Simple plastic causes complicated problems

Catherine Monty, Distribution Reporter


Something as simple as plastic is used in almost every aspect of our lives. Durable, mold-able and strong plastic is found in thousands of products. Disposable syringes, tires and police vests are some just to name a few. In addition to medical reasons, technology or public safety, around 40 percent of other plastics are only used once before being tossed in the recycling, or to make matters worse, the trash. The one time plastics, straws, bottles and bags, are the plastics found in the ocean.

Although beneficial in many ways, plastic, a very simple and cheap product, has caused complicated and expensive problems to fix. It is estimated that anywhere from 1.15 million-2.7 million metric tons of plastic ends up in the ocean every year.

Environmentalist say that by the year 2050, the amount of plastic in the ocean can be expected to outweigh all the fish in the sea. When plastic is poorly handled after use, it often ends up in our oceans, breaking down into micro-plastics and eventually being digested by not only the animals in the water, but by humans on land as well.

Reduce, Reuse, Recycle? 

The old phrase “Reduce, Reuse, and Recycle” is still relevant for single use plastics. Reduce the use of this type of plastics by just saying no to them. Use a reusable shopping bags, ask for no straw and use compostable plates, utensils and cups. Recycle by utilizing local recycling receptacles for disposing of bottles cans. Or better yet, reuse a metal bottle. Unfortunately, recycling is becoming outdated. It has become too expensive and China, plastic’s biggest importer, has banned buying the product.

Senior Rosie Braun, president of the animal rights club, said that she individually reduces plastic by doing things like using a reusable water bottle, not using plastic straws, bringing her own utensils if she goes somewhere where they use plastic ones, and bringing her own bag to put my stuff in when she goes shopping so she does not have to use the ones they give her.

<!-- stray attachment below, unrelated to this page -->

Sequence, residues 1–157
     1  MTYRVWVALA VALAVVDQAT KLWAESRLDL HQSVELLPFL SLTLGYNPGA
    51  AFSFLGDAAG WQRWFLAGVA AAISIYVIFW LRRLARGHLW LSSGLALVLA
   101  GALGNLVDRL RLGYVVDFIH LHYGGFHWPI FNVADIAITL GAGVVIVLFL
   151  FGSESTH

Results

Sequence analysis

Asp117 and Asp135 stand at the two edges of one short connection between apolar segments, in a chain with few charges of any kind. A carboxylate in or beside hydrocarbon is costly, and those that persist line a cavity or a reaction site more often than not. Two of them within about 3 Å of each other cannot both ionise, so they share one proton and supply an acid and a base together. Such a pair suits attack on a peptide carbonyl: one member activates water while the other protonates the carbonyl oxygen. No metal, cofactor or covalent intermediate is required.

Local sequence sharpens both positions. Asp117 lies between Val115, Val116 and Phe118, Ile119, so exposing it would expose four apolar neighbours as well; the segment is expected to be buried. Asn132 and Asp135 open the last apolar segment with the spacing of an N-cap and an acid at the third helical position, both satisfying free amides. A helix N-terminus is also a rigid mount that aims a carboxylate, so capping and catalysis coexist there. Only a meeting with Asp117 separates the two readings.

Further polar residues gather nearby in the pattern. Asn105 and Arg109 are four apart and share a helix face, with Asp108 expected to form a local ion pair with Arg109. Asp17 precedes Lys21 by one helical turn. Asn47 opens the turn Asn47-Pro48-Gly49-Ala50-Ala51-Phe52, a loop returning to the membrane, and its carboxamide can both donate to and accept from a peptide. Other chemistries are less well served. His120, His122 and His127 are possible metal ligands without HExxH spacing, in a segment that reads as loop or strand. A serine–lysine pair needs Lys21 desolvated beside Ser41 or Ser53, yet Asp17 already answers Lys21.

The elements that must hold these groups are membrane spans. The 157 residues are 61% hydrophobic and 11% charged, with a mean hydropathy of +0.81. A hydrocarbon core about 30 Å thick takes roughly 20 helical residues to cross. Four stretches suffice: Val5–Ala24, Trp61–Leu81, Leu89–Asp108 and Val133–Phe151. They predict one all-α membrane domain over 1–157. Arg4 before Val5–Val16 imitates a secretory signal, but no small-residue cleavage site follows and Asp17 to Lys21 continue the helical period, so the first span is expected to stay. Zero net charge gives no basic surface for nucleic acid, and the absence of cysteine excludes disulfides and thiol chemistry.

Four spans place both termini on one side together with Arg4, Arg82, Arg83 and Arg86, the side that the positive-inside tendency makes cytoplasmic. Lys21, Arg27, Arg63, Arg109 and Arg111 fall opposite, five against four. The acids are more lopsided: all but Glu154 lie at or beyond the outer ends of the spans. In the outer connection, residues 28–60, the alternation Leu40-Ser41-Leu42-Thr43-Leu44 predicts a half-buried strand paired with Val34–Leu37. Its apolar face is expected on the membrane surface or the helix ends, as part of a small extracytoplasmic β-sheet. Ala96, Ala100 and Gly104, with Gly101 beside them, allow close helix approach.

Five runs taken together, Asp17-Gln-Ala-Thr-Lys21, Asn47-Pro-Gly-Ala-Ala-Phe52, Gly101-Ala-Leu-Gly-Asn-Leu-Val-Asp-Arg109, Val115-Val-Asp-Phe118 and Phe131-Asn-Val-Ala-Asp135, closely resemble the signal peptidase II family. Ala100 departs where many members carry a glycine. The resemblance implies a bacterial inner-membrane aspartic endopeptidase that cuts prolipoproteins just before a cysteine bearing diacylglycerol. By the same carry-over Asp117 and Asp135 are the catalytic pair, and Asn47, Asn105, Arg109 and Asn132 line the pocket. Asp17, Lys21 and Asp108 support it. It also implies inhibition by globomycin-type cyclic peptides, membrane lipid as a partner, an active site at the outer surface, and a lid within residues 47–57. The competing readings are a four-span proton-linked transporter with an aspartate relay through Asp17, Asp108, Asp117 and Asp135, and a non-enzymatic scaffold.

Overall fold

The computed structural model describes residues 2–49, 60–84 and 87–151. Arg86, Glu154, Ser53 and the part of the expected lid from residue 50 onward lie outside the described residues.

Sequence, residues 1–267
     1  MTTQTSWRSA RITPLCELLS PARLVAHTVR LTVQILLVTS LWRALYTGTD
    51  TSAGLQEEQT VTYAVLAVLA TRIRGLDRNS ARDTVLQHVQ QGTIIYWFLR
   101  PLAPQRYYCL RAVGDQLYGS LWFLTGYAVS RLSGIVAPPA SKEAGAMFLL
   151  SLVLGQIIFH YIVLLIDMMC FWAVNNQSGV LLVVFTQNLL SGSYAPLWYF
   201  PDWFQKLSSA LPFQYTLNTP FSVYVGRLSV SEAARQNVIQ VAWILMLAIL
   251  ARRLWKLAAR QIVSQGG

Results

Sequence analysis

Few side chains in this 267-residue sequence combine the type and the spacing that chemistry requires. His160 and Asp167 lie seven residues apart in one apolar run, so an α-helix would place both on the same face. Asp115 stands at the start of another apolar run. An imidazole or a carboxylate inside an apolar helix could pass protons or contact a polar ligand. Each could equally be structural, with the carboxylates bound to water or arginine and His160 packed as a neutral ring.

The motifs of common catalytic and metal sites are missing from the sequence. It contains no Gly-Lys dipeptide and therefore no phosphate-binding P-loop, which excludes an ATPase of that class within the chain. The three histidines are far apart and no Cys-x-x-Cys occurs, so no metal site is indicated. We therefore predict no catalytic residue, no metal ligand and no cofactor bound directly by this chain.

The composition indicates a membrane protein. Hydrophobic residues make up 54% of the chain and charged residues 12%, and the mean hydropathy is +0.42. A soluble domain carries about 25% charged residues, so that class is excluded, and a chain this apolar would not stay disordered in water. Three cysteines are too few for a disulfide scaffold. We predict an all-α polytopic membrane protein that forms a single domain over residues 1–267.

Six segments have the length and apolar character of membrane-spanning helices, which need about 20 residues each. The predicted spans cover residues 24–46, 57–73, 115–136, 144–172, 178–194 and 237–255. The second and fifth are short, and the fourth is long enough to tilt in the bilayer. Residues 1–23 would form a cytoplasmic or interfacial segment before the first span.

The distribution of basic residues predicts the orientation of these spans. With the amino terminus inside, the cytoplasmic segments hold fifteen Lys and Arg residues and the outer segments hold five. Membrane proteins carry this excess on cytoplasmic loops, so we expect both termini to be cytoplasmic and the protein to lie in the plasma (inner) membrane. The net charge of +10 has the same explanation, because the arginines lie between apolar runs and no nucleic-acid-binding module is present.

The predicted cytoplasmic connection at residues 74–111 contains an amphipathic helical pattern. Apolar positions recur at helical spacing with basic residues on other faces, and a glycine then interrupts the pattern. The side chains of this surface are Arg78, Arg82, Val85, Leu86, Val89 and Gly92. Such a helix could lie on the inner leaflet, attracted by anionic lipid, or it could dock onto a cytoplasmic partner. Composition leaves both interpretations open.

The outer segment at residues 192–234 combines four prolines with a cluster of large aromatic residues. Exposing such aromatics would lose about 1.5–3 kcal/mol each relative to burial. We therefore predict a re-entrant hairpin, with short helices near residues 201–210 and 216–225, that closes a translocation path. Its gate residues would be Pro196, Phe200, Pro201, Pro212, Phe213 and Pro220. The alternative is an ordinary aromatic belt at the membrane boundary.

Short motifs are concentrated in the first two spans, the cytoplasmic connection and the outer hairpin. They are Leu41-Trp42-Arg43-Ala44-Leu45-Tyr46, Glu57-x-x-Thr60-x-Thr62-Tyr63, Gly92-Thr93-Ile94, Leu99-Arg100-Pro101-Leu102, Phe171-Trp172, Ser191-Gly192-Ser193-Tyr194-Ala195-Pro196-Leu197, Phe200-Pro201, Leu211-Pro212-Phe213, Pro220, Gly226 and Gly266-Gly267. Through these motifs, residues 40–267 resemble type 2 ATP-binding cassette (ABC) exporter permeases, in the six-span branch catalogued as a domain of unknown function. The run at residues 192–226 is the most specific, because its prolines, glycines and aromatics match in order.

“Recycling has been a lead generator for conversation, but I hear those dark secrets where it is not being recycled. It’s going to a landfill and might be separated there or not, or they may fall short in truly recycling it,” Danny Mishek, president of Self Eco, added. Self Eco is a compostable drinkware and cater ware product company in Stillwater, Minn.

Nationwide and Worldwide 

In the United States, citizens can find some plastics banned. Numerous cities in California, New Jersey, Washington, and Florida enacted laws to ban straws. Along with plastic straws, Styrofoam is another single use plastic that has legislative action taken against it. Cities, including Minneapolis, have outlawed the use of Styrofoam. Although both are considered helpful steps, there are always drawbacks. The straw ban has a negative impact on the disabled who need the flexibility of a bendable straw. Also, banning these cheap products is more expensive for smaller businesses.

“The big progressive cities like Seattle, Portland, Minneapolis, they’re looking at banning these, and I’m not a complete fan of just pure ban, I’m sure it makes sense, but unfortunately we’re not making our decisions ourselves that make vendors or restaurants offer those little things,” Mishek said.

“Some cities in the United States have banned plastic straws, and that’s fantastic, but it isn’t enough,” Braun added.

Third world countries are large contributors to the oceans plastic pollution issue. Due to poor infrastructure, conflicting policies, or lack thereof, plastics are easily mishandled and end up in the ocean. Ninety percent of plastic pollution in the ocean come from 10 rivers, eight in Asia and two in Africa. The rivers are all close to highly populated areas that lack systems for proper disposal of garbage, including plastic.

“The worst answer that I have heard is that the United States is not the biggest polluter. It is one big yard if you look at it from a planet standpoint. I think we need to develop more products in the United States that are compostable. And so even if they end up in the wrong hands and are not disposed of properly, we’re still not drilling for oil,” Mishek said.

“We can help supply funding and educate them on how to properly dispose of it. We can also help construct sites specifically for the recycling process,” added biology teacher Kathryn Pyka.

Solving with education

Education and teaching values or respect for the environment for our country must be the number one priority. As one keeps educating the public and alerting them of the problem, the easier it becomes to solve. With where the country is today, innovation in technology is what will save the planet and the people and animals living on it.

“Plastic is convenient and people are lazy. People know plastic is bad for the earth and people know they shouldn’t use it. That doesn’t stop them from using it because it isn’t negatively affecting them now. That’s why we need them to be educated on what could happen if they do not stop. It might even encourage them to create things that can help solve the issue,” Braun said. 

Pyka is worried about “needing to be educated on how to properly recycle” because not everything is eligible to actually be recycled.

Steps like Earth Day, banning straws and recycling are all good steps to solving this complicated issue, but the most effective way to save the oceans is to continue innovating and creating a product to replace plastic that is more environmentally friendly, just as Mishek has demonstrated through his company Self Eco.